The reissue of Pylon's second album, Chomp, arrived like a thief in the night in October. Like the DFA-sanctioned reissue of its predecessor, Pylon's debut full-length Gyrate, the sound qualities have been greatly improved and some strange odds and ends have been tacked on as well.
Dubbed Chomp More, the reissued album benefits a good deal from the remaster treatment it received for this first-time CD appearance. The brighter cadences and darker nuances of opening number "K," along with "Yo-Yo," "Italian Movie," "Buzz" and the album's undisputed classic "Crazy" unfurl with the bounce, hazy disco, punk and funk angles that defined alternative rock when Chomp was initially released in 1983.
It's a natural instinct to blather on about the group's Athenian cohorts R.E.M. and the B-52's when trying to qualify what made Pylon such a revered part of Athens' musical heritage. But Pylon wielded a darker sexual, emotional and cerebral edge. The only thing they had in common with those other bands was time and place. It's more fitting to drop names like Pil, Siouxsie and the Banshees, Gang of Four and Wire if you're attempting to peg the group's post-punk and raw new wave aesthetics. But even those comparisons don't quite add up either. "No Clocks" and "Reptile" are rigid songs by design, underscoring the group's signature styles -- mechanical rhythms, sparse and chattering guitar lines and Vanessa Briscoe-Hay's growling mantras that all compliment each other with balanced precision. But there's a looseness to it all that swells within these songs, and an element of simplicity that taps into the higher functions of musical cognition.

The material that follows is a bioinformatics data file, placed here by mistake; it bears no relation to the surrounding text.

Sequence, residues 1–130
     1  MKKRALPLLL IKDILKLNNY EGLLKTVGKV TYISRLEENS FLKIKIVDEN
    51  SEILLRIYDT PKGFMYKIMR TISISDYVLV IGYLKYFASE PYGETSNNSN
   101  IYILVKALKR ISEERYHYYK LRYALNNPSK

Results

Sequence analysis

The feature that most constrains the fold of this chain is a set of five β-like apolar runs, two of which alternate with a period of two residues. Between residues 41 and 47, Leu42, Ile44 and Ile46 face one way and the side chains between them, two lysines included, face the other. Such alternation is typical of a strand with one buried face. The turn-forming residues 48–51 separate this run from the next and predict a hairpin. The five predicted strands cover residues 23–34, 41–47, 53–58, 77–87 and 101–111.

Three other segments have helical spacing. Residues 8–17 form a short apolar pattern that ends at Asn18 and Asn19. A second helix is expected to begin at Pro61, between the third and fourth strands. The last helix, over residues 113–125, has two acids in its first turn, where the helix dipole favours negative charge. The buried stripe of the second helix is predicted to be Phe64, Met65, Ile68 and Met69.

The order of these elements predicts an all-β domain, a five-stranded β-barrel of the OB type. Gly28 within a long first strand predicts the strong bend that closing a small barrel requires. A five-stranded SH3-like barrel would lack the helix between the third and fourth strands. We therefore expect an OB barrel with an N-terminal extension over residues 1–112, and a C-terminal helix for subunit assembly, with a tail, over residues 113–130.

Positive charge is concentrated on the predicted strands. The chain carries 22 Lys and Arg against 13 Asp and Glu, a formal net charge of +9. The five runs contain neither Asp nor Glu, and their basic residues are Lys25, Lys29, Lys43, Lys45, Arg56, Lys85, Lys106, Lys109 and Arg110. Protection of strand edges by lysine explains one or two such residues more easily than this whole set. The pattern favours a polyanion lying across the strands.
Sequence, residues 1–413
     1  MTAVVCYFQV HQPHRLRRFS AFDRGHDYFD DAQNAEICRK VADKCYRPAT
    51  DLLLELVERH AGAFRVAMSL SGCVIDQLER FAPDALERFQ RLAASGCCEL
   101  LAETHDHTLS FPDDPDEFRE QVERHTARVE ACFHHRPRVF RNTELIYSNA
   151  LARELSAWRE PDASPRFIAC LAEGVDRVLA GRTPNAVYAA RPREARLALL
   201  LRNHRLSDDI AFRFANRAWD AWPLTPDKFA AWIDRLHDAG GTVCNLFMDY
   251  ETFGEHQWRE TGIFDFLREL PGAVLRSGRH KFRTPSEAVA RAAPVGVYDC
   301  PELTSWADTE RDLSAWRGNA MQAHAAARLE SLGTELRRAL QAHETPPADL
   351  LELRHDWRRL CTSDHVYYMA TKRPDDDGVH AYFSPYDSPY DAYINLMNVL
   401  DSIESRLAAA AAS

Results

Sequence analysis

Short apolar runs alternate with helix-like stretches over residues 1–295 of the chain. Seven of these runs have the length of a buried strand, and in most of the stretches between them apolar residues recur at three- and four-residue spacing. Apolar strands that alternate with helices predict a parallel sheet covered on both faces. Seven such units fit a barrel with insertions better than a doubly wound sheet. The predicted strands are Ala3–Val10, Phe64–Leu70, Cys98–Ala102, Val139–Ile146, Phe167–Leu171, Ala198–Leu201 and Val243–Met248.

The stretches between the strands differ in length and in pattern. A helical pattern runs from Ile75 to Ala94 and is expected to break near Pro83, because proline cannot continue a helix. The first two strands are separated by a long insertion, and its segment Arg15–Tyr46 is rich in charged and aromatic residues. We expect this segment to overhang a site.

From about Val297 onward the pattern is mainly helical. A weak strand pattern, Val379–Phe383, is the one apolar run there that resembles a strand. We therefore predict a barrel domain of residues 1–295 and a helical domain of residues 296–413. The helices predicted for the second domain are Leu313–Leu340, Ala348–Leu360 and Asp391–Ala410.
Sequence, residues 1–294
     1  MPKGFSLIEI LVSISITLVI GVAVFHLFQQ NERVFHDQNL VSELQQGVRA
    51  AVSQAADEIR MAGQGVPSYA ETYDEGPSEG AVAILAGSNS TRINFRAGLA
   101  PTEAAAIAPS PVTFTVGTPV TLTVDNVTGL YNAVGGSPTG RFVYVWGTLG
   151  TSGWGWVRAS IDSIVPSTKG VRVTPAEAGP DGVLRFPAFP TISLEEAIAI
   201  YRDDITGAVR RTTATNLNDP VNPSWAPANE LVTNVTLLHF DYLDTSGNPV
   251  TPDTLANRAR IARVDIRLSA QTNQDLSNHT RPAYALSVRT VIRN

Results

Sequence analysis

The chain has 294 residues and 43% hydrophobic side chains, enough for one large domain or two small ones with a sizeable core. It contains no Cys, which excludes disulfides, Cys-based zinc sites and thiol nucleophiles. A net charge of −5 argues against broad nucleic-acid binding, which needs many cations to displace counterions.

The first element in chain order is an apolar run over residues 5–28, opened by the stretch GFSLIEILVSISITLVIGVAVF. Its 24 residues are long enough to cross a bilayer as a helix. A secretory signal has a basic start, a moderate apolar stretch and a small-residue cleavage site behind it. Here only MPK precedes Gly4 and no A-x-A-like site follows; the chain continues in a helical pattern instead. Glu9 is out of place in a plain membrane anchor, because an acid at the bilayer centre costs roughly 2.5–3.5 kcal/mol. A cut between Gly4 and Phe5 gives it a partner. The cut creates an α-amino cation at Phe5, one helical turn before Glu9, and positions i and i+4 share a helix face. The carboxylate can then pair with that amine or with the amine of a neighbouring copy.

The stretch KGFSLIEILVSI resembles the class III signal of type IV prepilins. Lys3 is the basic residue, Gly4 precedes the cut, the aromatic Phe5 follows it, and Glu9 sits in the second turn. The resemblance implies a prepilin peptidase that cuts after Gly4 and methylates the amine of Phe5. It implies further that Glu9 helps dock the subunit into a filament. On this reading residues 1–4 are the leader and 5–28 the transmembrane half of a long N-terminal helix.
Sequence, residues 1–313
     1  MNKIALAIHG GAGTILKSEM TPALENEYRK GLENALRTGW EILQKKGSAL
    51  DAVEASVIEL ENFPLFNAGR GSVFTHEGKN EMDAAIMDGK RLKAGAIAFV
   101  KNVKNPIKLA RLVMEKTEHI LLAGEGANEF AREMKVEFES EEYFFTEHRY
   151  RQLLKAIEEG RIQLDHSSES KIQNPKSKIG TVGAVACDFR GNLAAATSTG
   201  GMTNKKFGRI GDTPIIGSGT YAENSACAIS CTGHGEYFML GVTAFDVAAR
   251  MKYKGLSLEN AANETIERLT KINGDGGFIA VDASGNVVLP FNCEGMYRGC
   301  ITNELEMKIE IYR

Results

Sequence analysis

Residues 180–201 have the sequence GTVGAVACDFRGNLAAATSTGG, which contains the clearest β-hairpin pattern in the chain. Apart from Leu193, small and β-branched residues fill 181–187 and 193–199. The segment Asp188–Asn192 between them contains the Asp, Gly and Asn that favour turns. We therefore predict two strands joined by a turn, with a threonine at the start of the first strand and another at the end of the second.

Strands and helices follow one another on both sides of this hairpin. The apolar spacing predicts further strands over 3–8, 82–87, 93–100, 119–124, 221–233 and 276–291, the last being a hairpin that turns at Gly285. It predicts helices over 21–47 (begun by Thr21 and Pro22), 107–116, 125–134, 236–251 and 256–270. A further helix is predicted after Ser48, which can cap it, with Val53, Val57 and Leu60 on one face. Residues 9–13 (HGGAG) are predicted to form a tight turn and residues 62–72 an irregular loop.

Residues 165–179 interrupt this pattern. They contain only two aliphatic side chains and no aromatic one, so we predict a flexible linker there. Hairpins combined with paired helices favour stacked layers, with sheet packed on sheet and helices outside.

Whereas Gyrate introduced the band with a rigid set of grid-like pop that was beautiful in it's precise execution, Chomp loosens the noose, leaving the group plenty of room to explore while keeping their songs within previously determined boundaries. Here drummer Curtis Crowe, bassist Michael Lachowski, guitarist Randy Bewley and vocalist Briscoe-Hay become tourists stopping to sink their teeth into the groundwork they laid with Gyrate three years before. Check out the dorky poses in front of mountains and national parks, the instant cameras and summery short shorts they're sporting all over the CD's liner notes. Chomp is a fun listen while remaining true to the concise elements of their songwriting, at least until track 12 when "Altitude" winds down where the original LP came to an end.
The final four numbers are the bonus materials, experiments and tape collages that don't offer much more than archival value. If you're happy with the record in its proper form, press stop after "Altitude."
Beyond that the original version of "Crazy" gives a rough take on the song, while the slowed down "Yo-Yo (Pylon Mix)" shifts the vocal pitch down to something nightmarish. At the time these things were recorded it was probably quit an accomplishment to achieve such an effect. Here it feels passe considering that kids can do this sort of thing with the click of a mouse. The Pylon Mix of "Gyrate" is pointless and cumbersome, but if you ride it out "Four Minutes" comes as a pay-off in form of slurred, jurrasic dub beats and tape textures rattling in a collage of Robotussin and reverb. These kinds of experiements are a far cry from the pop structures of the Pylon songs that discerning listeners know and love. But sometimes you can learn just as much about a band from their grand statements as you can from sifting through their trash and experiments that wound up on the cutting floor the first time around. Regardless, Chomp's strongest qualities are still the songs that made it Chomp in the first place.
Killin it. So damn sexy
ooooohhhh, I'm so excited!! I can't wait to see them together!
come on man you know you got a bromance. you probably still rock that OutKast…
Yes, 14 is the correct answer. I'll pass your info along to the group's manager,…